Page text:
The latest Republican attempt at scaremongering John McCain into the White House co-opts the form of science fiction. Last week Focus on the Family issued a 16-page piece of dystopian fiction, a letter from "A Christian from 2012" detailing society's descent into chaos following 4 years of an Obama presidency. From terrorist attacks the end of the Boy Scouts, FotF's letter paints a ludicrous picture with the specific intention of getting young evangelicals, many of whom support Obama, to change their votes. The letter is a ham-fisted attempt at the genre of dystopian SF—a genre that has been pretty solidly left-wing since its inception. Here are just a few liberal dystopias that are both more plausible and better-written than the 2012 letter.
Parable of the Sower and Parable of the Talents, by Octavia Butler
Following a broad economic collapse caused by a laissez-faire government (sound familiar?), America has descended into total anarchy. The first volume depicts some of the chaos—the middle class living in walled forts; roving gangs of anarchists. In the second volume, a reactionary movement called Christian America promises a return to order—one that requires concentration camps for "heathens" like the novel's agrarian protagonists. Maybe it's just me, but I find it much easier to believe Christian America as an heir of Focus on the Family than the 2012 letter's world as an heir of Obama.
In Huxley's definitive dystopia, capitalism is no longer just an economic system, it's an object of worship (with Henry Ford standing in for God). In 1958, Huxley wrote Brave New World Revisited, a book of essays that showed further pessimism about the world's regression to assembly-line living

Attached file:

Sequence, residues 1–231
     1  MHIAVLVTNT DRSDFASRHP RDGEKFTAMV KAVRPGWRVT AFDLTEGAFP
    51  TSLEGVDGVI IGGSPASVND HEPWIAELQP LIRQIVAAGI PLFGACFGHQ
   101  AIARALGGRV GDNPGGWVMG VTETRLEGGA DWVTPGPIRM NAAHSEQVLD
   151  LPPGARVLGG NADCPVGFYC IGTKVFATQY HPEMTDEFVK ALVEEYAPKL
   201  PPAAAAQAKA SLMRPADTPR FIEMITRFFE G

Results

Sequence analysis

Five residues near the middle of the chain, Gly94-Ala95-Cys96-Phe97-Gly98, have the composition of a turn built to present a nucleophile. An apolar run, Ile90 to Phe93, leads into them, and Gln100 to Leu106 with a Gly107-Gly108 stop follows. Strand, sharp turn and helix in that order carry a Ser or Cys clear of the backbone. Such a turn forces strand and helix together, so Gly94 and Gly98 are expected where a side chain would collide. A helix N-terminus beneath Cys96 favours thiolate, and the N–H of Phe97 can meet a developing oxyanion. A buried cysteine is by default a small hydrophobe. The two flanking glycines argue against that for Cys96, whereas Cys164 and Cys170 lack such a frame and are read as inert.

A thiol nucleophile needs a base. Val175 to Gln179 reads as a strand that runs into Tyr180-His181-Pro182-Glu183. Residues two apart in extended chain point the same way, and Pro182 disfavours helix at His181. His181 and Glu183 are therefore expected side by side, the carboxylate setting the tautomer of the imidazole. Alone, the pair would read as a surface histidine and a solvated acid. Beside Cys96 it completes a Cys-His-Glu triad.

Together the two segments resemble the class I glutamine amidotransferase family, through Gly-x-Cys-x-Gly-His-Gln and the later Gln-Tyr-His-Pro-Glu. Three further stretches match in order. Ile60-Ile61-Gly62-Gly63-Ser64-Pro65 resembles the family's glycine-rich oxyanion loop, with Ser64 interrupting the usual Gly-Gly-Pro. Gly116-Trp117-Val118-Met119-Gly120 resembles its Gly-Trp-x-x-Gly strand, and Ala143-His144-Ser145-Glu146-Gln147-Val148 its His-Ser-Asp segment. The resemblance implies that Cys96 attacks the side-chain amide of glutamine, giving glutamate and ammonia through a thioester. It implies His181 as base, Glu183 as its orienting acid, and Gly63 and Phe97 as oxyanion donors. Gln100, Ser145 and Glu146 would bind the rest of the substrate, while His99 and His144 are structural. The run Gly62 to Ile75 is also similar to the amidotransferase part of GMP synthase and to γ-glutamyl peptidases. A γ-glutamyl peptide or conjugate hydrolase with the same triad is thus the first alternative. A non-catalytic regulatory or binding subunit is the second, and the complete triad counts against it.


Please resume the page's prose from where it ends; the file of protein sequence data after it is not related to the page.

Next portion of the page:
The prophecies I made in 1931 are coming true much sooner than I thought they would... In the West, it is true, individual men and women still enjoy a large measure of freedom. But even in those countries that have a tradition of democratic government, this freedom and even the desire for this freedom seem to be on the wane.
V for Vendetta, by Alan Moore and David Lloyd
I don't think I can say anything better than what Alan Moore wrote in his 1988 introduction to this story:
Naiveté can also be detected in my supposition that it would take something as melodramatic as a near-miss nuclear conflict to nudge England towards fascism... It's 1988 now. Margaret Thatcher is entering her third term of office and talking confidently of an unbroken Conservative leadership well into the next century... The tabloid press are circulating the idea of concentration camps for persons with AIDS. The new riot police wear black visors, as do their horses, and their vans have rotating video cameras mounted on top. The government has expressed a desire to eradicate homosexuality, even as an abstract concept, and one can only speculate as to which minority will be the next legislated against. I'm thinking of taking my family and getting out of this country soon, sometime over the next couple of years. It's cold and it's mean spirited and I don't like it here anymore.